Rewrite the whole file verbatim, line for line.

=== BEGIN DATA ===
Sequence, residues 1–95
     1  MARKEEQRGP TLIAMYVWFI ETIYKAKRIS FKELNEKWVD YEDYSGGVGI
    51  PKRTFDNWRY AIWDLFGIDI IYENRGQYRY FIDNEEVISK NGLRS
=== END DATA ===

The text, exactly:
Sequence, residues 1–95
     1  MARKEEQRGP TLIAMYVWFI ETIYKAKRIS FKELNEKWVD YEDYSGGVGI
    51  PKRTFDNWRY AIWDLFGIDI IYENRGQYRY FIDNEEVISK NGLRS